Estate Planning Trust – Does my family need one?

I get this question a lot, “Do I need an Estate planning trust?” The answer differs for every personal and family situation, but there are some critical reasons why an Estate Planning trust may be right for you.

 

Before understanding when an Estate Planning Trust is appropriate for you, it is important to understand exactly what they are. There are two types of Estate Planning Trusts, revocable and irrevocable, and two ways to create them, either in a Will, a testamentary trust, or as a standalone document.

Revocable Trusts – A revocable trust is executed during the lifetime of the Grantor, the person creating the trust, and is called an intervivos trust.  The Grantor often has controlling power over the assets in the trust during his or her lifetime.  Revocable trusts are tied to the social security number of the Grantor and provide the Grantor with specific control over the assets contained within the trust, including terminating the trust and transferring any trust assets back to the Grantor.  The most common reasons for revocable trusts are to bypass the probate process for passing assets upon the death of the Grantor and to provide for the management of assets that the Grantor may believe that they cannot manage due to illness.estate planning , estate planning trust, glbt estate planning, lgbt estate planning, gay family law, wills, trusts

Irrevocable Trusts – An irrevocable trust may be created either during the life of the Grantor, an intervivos trust, or in the Grantor’s Last Will and Testament, a testamentary trust.  In the case of the latter, the trust becomes irrevocable upon the death of the Grantor.  The key difference between a revocable trust and an irrevocable trust is that the Grantor completely surrenders control over any assets contained in an irrevocable trust.  Irrevocable trusts also require separate tax ID numbers, and have separate tax filing requirements.  Reasons for creating an irrevocable trust include minimizing estate tax charges on assets passing to non-spousal beneficiaries, such as homes (Qualified Personal Residence Trusts – QPRTs) and life insurance proceeds (Irrevocable Life Insurance Trusts – ILITs).  The values of assets which pass through irrevocable trusts are not taxable in the Grantor’s estate; however, there may be a gift tax event which occurs at the time of the initial transfer of an asset into an irrevocable trust.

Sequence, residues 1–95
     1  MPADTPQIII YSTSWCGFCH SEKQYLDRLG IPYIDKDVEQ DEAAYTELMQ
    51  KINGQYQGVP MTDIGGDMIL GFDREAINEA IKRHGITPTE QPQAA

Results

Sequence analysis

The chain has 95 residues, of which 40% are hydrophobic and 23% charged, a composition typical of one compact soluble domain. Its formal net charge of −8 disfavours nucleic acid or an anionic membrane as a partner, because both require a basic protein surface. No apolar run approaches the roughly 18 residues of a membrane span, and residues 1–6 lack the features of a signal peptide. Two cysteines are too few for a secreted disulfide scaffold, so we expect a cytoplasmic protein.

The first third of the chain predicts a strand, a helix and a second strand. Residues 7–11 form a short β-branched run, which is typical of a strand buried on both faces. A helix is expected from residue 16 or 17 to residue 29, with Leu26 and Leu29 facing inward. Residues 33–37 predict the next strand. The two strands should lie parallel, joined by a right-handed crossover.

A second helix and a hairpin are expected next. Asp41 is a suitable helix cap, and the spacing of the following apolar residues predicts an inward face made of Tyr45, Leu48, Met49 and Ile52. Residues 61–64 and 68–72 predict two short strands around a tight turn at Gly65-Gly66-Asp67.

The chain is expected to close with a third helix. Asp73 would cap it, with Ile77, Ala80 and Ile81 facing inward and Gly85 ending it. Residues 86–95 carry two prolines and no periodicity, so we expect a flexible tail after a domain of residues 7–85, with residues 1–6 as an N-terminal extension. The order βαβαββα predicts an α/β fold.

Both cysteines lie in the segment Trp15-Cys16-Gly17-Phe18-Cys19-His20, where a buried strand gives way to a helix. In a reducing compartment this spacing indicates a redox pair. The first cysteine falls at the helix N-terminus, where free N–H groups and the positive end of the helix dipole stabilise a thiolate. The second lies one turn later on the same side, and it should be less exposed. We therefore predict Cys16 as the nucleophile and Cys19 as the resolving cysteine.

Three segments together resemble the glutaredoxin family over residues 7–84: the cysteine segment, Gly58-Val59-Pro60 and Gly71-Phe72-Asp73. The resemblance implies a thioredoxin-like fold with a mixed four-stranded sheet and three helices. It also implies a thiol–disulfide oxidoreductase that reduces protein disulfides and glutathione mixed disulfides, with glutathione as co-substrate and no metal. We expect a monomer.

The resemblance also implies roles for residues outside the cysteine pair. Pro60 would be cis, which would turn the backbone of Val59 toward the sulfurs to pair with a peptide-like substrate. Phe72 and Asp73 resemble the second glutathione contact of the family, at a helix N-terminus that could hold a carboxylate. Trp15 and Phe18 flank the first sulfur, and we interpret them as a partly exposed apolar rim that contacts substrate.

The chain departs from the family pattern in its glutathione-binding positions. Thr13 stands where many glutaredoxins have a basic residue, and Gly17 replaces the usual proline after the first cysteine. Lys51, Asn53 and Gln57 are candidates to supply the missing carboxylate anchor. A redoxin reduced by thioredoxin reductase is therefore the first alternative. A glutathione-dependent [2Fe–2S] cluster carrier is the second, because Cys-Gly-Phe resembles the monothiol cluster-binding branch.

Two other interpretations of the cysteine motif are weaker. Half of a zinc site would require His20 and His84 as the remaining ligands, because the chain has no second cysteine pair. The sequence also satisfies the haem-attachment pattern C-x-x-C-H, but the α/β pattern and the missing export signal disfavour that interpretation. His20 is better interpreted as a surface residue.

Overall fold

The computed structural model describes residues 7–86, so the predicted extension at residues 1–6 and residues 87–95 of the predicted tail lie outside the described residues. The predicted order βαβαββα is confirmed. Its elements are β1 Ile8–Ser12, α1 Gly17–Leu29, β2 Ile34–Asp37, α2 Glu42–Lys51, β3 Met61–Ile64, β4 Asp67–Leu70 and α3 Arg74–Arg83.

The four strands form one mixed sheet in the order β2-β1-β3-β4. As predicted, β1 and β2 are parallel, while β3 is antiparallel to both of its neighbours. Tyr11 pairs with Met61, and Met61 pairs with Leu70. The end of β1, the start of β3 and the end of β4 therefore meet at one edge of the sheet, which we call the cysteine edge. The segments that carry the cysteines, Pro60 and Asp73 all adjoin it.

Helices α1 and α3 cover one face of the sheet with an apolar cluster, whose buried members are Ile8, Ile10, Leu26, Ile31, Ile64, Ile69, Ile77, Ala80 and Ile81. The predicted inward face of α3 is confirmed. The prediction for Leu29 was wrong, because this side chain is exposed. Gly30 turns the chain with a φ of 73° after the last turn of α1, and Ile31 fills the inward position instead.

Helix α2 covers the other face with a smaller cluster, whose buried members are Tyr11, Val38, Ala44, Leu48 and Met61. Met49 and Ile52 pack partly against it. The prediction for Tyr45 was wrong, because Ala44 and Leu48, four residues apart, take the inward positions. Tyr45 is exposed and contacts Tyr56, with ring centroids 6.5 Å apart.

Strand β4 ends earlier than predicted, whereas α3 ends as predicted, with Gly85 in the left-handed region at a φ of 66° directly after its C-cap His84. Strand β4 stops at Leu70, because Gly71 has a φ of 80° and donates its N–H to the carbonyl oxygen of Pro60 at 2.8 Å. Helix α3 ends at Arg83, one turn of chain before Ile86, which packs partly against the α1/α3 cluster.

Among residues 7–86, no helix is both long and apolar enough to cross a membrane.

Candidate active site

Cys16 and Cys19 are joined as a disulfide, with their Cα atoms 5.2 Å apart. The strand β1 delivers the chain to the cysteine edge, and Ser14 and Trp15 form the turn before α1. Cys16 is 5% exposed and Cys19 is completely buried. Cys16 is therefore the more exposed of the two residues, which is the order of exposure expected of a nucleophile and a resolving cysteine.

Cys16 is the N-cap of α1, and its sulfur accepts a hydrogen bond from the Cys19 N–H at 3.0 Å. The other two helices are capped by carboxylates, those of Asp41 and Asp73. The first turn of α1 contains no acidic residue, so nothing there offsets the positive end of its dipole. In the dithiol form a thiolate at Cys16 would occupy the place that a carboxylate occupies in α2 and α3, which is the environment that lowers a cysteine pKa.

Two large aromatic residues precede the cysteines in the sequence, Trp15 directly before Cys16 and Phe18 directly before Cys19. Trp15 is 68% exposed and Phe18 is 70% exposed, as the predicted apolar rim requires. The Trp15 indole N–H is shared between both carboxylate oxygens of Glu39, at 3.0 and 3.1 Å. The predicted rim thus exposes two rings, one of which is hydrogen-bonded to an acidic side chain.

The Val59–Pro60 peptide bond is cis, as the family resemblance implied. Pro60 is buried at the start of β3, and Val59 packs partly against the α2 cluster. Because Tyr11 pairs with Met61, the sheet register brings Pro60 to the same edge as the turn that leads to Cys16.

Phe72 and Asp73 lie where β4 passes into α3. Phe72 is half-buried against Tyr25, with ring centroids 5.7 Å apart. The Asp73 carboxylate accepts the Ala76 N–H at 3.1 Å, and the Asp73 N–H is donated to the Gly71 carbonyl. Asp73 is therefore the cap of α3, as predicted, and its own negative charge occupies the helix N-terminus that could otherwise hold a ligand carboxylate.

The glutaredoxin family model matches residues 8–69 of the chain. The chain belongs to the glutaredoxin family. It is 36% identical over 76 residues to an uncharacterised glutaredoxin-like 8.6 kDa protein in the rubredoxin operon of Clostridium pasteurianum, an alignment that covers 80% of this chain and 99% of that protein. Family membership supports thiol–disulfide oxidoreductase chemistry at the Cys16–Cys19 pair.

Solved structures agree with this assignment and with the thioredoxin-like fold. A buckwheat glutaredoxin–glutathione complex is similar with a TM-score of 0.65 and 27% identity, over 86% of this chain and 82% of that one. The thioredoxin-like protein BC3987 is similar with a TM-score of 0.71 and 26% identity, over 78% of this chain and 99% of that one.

Other Reasons for an Estate Planning Trust – For Grantors who own real property in a state other than the state of their domicile, a proceeding called an “ancillary probate” is required.  This means that if a person lives in New York and owns real property in Florida, two probate proceedings must be brought: one in New York to pass their New York property and one in Florida to pass the Florida real property.  In order to avoid this unnecessary and expensive double probate process, the title to real property in Florida may be transferred into a New York revocable trust.  This transfer then negates the need for the Florida probate proceeding.  It is critical; however, to actually transfer the title of the Florida property into the New York trust and have that newly transferred title recorded in the appropriate Florida County Clerk’s office.  Simply creating the trust is not enough.

Children’s Trusts – The primary reason why people include an Estate Planning Trust in their Wills, a testamentary trust, is to provide for young children in case something were to happen to both parents before he children reach an age where they can responsibly manage their money.  Children’s trusts allow parents to name a trustee, or money manager, for the assets which will eventually pass to their children, to provide for unexpected circumstances such as drug or alcohol abuse of a child and to stretch out distributions of principal and interest over a controlled period of time.  It is important to note that a Children’s trust cannot name a guardian for the person of the child, only for the property of the child.  This personal guardianship designation can only be made in a Last Will and Testament.

If I have an Estate Planning trust, do I still need a Will? – In a word, yes!  The Estate Planning Trust should be an addition to a person’s estate plan, not a substitution for it.  To see a list of estate planning basics which all individuals and couples, with or without children, should have, visit TimeForFamilies.com.

When you are considering an Estate Planning Trust, please consider me a resource. For more information the basics for estate planning for gay couples, contact Anthony M. Brown at Time for Families and speak to a specialist family lawyer to secure your and your family’s future.

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Anthony Brown

Anthony Brown

Attorney and Advocate at Time For Families
Who am I?On the deepest level, I am blessed.I have an amazing partner, who I have known since 1989 and been married to since 2004.I am the donor dad of two beautiful daughters who have two moms who are equally amazing.My husband and I have expanded our family through surrogacy and have a seven-year old son. I have had three careers (acting, massage therapy and the law) and I am still discovering myself.I am the Board Chair of Men Having Babies. The one thing I know for sure is that life is about trusting your instincts.Family is an instinct.
Anthony Brown